To quote Jameson: “New art forms seek to endow the individual subject with some new heightened sense of place in the new globalized system…The new political act (if it is possible at all ) will have to hold the truth of post-modernism that is to say, to its object – the world space of multinational capital – at the same time which it achieves a breakthrough to some, as yet, an unimaginable new mode of representing it, in which we may again begin to grasp our positions as individual and collective subjects and regain a capacity to act and struggle which is presently neutralized by…some social confusion.”

One cannot help but imagine Jameson’s solution of disruptive assimilation as a direct response to Sontag’s 1996 decry on ‘The Decay of Cinema’, for which she wrote:
“While the point of a great film is now, more than ever, to be a one-of-a-kind achievement, the commercial cinema has settled for a policy of bloated, derivative filmmaking, a brazen combinatory or recombinatory art, in the hope of reproducing past successes…The love that cinema inspired, however, was special. It was born of the conviction that cinema was an art unlike any other: quintessentially modern; distinctively accessible; poetic and mysterious and erotic and moral -- all at the same time.”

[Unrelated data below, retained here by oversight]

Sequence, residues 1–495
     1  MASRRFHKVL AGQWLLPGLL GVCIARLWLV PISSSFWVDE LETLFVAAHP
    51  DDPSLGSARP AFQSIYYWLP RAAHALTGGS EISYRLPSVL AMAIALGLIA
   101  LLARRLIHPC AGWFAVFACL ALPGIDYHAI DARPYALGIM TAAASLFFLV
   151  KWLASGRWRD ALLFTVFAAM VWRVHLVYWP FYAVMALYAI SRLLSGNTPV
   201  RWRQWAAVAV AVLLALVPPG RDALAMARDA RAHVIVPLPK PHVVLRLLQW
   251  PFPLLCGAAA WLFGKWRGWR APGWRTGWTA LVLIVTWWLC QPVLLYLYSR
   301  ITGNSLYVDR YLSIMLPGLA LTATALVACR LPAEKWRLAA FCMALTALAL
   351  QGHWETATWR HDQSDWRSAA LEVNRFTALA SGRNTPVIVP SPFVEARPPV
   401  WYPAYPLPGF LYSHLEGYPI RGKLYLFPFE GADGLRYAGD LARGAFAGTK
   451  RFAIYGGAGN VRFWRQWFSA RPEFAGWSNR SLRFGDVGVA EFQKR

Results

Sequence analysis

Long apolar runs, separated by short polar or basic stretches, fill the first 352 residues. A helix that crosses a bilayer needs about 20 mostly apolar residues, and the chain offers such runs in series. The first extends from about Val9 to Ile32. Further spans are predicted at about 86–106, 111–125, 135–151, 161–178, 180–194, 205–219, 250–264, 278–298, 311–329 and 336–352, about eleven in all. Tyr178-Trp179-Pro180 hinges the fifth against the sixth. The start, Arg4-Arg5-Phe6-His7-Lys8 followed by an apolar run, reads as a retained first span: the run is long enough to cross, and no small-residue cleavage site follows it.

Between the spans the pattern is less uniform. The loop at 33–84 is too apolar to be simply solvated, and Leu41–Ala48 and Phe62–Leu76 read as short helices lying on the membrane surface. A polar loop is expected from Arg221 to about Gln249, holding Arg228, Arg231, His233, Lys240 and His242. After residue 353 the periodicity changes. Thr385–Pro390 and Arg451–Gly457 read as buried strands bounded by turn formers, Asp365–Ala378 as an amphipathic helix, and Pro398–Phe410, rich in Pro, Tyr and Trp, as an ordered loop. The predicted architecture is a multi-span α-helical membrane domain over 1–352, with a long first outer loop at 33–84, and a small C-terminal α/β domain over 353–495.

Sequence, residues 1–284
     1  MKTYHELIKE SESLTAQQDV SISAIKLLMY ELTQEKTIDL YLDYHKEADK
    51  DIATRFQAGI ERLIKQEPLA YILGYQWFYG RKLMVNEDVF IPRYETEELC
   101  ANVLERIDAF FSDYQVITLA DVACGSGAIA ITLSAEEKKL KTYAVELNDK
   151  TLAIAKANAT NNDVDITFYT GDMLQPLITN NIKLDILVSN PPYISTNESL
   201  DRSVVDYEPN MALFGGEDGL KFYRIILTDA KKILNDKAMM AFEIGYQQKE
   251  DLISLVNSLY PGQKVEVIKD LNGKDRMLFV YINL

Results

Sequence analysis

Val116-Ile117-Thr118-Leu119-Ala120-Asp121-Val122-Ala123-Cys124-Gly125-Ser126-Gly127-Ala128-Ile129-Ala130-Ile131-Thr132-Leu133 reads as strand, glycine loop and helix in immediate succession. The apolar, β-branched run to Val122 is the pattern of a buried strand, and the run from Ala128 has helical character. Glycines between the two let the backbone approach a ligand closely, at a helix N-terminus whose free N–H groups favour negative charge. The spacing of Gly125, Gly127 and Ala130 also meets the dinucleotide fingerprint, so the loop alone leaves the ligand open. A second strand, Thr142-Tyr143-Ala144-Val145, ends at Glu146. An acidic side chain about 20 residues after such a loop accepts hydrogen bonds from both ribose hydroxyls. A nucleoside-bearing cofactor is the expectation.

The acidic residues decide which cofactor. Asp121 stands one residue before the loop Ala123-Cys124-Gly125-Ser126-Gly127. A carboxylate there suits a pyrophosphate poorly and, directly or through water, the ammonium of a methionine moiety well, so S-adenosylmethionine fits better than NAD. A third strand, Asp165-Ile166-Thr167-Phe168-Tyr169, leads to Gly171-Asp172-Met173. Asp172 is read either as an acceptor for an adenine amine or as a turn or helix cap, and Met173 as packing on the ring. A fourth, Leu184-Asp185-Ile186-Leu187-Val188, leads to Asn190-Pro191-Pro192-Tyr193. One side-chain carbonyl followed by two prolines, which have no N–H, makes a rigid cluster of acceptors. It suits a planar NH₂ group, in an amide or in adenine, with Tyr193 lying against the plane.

Original films will always exist – as long as filmmakers are willing to make them and reinvent the medium. More than ever, there is an urgent need for a minor lexicon within the language of mainstream semiotics (note: this set of ‘minor lexicon’ mustn’t be confounded with the ‘personal’ set of signs and symbols mentioned earlier. A minor lexicon is still made up of the vocabularies used by the mainstream, but its alternative usage has the potential to continuously broaden). I believe this is where the power of queer cinema lies - we have been inventing a minor lexicon for ourselves since the dawn of the medium.

At first glance, in a free-market society where human sexuality is deemed sacred to appease the ever-diversifying kinks of its consumer, the subject matter of eroticism no doubt belongs inside the domain of the personal and is therefore made untouchable (at least according to western standards). However, it is precisely because of the consecration of sexuality as something personal - via its commodification - that it becomes all the more rapturous when it’s finally revealed to be just as impersonal as a Vogue reading fashionista’s yearning for the latest handbag.

More than anything else, ‘Delta of Venus’ should leave the viewer feeling unsure as to what to make of the scenes they have just witnessed. Sure, there’s certainly an aesthetic appeal to the film's kaleidoscopic visuals. But the end goal is not to recombine but to deterritorialize.

“Is it authentic? Is it not authentic? Does it even matter? Why does it even matter when everything is inspired by something…does that mean I’m inauthentic too? If this is inauthentic, why is it that I still saw it through? This is a film about erotic fantasies, but why does it remind me of a perfume ad?” I’d consider the film a success if the audience starts asking those questions.